About 80 percent of cats living in households in the United States are spayed or neutered, according to a new study published in the Journal of the American Veterinary Medical Association.
The telephone survey of 1,205 adults, representing 850 cats, further revealed that annual family income was the strongest predictor of whether cats in the household were neutered, with middle- to higher-income households reporting rates of more than 90 percent.
The peer-reviewed study, which was based on data collected for the nonprofit Alley Cat Allies by Harris Interactive, is said to be the first nationally representative study to examine income and spay/neuter status correlation.
“This study indicates that spaying and neutering is an accepted, established practice among the large majority of Americans with pet cats,” said Becky Robinson, president of Alley Cat Allies. “This is a very positive finding. As a result, our nation’s pet cats are living much healthier lives.”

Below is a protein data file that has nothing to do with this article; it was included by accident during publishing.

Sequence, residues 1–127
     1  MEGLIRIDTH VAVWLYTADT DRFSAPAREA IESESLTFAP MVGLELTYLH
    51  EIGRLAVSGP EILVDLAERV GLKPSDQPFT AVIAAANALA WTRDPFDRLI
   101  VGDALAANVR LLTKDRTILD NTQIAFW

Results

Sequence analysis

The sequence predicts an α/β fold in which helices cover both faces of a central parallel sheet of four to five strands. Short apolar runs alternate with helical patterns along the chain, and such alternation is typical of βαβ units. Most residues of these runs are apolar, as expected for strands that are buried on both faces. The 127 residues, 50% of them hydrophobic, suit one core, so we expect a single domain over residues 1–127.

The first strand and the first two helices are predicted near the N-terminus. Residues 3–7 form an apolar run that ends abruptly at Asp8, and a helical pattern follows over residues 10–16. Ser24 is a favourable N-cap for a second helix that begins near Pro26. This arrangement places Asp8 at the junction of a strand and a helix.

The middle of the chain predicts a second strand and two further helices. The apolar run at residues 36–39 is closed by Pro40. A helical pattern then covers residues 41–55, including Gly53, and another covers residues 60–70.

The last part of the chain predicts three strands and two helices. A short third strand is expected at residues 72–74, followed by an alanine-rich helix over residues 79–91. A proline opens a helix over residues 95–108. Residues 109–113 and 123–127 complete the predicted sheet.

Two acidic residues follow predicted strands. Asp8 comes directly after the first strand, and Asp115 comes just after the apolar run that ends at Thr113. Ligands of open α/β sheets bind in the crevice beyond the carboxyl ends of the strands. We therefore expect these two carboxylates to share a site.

The proportion of cats that were neutered differed significantly across annual family income groups: 96.2 percent of cats in households with an income of $75,000 were neutered; 90.7 percent of cats in households with an income of $35,000 – $74,999 were neutered; and 51.4 percent of cats in households with an income less than $35,000 were neutered.
“Up until now, there has been a lot of speculation that income is a barrier for neuter in lower-income families, but now we have a scientific study establishing that this is the case nationally,” Robinson said.
Wendy Anderson, director of law and policy for Alley Cat Allies and co-author of the study, said the study only includes household cats, which represents only part of the total U.S. cat population.
“Previous research has shown there may be just as many stray and feral cats in the U.S. as pet cats, and most of these cats are intact and breeding,” Anderson said. “We need to enact smart policies and programs that expand the availability of low-cost, high-volume spay and neuter services, not only to serve lower-income pet owners, but to provide services for feral cats as well.”